The two most ambitious American films of 1941 share an interest in the power of the media. It was a natural subject both for Orson Welles and Frank Capra, for it was their power. Both men had shaken the nation, Welles with his War of the Worlds hoax broadcast, Capra with his borderline sacrilegious Mr. Smith Goes to Washington, which had been criticized by some people in 1939 for besmirching American democracy before a hostile world. More so than Citizen Kane, Meet John Doe is the director's troubled meditation on his own power. On another level, I think, it's also about Orson Welles. Capra was the one established Hollywood director in a position to answer the challenge of the wonder-boy newcomer from New York -- the top dog in his own mind, the "name above the title" man who had already established to his satisfaction that a film should reflect the will of the director more than anyone else. Some of the Doe advertising took the director-as-star principle so far as to include Capra's face alongside those of the stars or the picture. While others presumably sulked enviously over Welles's incredible deal with RKO, Capra made a deal of his own with Warner Bros, breaking loose from Columbia Pictures. It was arguably a better deal than Welles's because Frank Capra Productions would own Doe. On the other hand, Capra was playing with his own money, while Welles was not. In any event, I assume that Capra's objective, in part, was to top whatever Welles was working on.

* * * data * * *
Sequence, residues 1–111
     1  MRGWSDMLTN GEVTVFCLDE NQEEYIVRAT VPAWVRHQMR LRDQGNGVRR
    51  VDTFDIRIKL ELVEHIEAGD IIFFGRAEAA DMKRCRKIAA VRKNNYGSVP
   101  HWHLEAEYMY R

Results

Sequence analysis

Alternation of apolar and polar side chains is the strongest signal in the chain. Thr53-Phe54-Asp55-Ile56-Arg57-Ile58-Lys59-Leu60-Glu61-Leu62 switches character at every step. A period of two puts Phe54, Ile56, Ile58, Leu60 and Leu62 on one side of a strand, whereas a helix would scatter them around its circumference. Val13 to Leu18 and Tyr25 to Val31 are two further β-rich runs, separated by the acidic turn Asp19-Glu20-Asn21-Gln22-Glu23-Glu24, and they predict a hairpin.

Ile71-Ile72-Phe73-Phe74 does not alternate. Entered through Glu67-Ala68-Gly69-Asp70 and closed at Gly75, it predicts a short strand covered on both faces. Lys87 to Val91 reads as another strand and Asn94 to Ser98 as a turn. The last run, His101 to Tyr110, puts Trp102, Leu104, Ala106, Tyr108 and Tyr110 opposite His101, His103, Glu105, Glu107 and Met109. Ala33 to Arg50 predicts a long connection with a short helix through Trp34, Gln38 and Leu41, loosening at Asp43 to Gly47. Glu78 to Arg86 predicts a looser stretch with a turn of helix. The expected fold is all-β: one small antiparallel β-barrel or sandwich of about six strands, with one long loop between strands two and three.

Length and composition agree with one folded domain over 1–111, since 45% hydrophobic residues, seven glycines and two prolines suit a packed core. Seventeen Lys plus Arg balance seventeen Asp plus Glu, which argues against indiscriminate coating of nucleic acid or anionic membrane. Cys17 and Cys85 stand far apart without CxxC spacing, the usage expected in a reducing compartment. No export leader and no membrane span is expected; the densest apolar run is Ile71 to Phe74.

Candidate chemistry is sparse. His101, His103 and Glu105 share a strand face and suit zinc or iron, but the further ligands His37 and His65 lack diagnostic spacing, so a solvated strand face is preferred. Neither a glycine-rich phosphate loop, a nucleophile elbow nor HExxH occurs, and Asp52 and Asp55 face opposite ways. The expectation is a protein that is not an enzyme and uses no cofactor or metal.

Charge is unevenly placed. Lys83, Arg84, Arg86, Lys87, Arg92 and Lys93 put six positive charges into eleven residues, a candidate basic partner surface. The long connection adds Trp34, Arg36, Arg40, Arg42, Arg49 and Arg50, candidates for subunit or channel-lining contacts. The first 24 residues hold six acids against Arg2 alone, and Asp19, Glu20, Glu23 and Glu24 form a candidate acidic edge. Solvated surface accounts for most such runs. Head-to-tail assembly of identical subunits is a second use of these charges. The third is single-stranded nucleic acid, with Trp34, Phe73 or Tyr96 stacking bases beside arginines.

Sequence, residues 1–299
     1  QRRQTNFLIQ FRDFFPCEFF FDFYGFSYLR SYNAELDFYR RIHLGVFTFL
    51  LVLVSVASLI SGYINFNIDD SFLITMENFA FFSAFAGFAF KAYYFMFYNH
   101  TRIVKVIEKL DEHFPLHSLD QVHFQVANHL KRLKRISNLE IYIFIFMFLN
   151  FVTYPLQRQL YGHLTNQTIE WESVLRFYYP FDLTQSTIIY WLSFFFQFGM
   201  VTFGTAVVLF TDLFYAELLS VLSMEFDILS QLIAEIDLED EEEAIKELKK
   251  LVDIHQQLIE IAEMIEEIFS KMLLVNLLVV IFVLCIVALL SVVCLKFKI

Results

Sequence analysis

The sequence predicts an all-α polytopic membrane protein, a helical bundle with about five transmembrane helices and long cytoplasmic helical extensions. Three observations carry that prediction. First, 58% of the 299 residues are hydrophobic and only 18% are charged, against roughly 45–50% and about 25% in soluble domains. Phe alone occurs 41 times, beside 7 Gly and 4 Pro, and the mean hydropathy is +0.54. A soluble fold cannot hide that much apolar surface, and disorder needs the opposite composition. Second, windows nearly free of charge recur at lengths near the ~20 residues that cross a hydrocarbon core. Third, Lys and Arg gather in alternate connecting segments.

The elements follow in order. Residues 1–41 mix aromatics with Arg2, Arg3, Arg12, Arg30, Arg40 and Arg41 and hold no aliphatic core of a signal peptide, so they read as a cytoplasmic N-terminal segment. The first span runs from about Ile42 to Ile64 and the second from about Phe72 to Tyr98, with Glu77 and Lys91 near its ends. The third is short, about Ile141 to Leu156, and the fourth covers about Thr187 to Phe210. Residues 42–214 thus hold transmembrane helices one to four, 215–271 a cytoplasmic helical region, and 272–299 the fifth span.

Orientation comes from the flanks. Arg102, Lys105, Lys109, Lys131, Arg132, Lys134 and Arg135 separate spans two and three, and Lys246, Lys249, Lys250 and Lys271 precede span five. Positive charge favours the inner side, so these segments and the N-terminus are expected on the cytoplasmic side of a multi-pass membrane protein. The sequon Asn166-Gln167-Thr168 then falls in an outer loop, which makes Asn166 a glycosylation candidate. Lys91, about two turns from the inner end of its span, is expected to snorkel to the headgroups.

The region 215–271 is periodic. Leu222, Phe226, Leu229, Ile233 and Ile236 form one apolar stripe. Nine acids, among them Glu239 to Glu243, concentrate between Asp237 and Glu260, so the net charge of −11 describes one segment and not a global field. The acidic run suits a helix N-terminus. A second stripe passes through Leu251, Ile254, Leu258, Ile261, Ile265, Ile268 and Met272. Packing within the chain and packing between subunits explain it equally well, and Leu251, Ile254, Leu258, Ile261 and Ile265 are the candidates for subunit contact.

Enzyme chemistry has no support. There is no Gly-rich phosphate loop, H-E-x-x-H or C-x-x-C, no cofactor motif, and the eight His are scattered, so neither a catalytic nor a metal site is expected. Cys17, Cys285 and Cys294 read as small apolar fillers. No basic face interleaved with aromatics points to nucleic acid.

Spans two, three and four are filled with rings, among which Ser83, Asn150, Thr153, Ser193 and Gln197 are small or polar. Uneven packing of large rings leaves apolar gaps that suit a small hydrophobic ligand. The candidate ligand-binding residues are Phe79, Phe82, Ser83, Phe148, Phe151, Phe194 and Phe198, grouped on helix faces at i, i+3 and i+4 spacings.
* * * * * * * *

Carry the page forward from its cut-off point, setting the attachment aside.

Edward Arnold as D. B. Norton gets a huge buildup as a man of mysterious menace before putting in his first appearance at the 28 minute mark while reviewing the D. B. Norton Motor Corps.
The screen darkens ominously as Ann (Barbara Stanwyck) invents John Doe. Below, things go dark for Long John Willoughby (Gary Cooper) after he's recruited to play Doe.
The convention scene is a suspenseful demonstration of Willoughby's failure to master the media that made him. Here, with time running out before Norton arrives to denounce him, Long John is stuck waiting, after having to stand through an anthem, for an well-meaning but oblivious minister to call a moment of silence for the "John Does of the world." By the time the moment is over, so is the John Doe movement.
Meet John Doe's problematic nature is a mark of Capra's ambition at a turning point in his career. If not his masterpiece, it is certainly his epic, and as such it's a major though underrated American film. I can't bring myself to call it a better film than Citizen Kane, but I like it better for its more expansive political consciousness and its more thoughtful exploitation of the two films' common media-mogul subject matter. Doe doesn't advance the narrative art of film the way Kane does, but with Capra still at the peak of his power and with Slavko Vorkapich montages, his film is state of the pre-Kane art. The two films complement each other quite nicely, though they're rarely seen as peer works. Welles's more humanistic approach has helped Kane stand the test of time better even though the films share many common concerns of their time. But I won't be the first to note in the era of Tea Parties and alleged "astroturfing" of grass-roots movements that Meet John Doe might be more relevant now than it's been in a long time. Just right now, however, it's relevant because it's Christmas.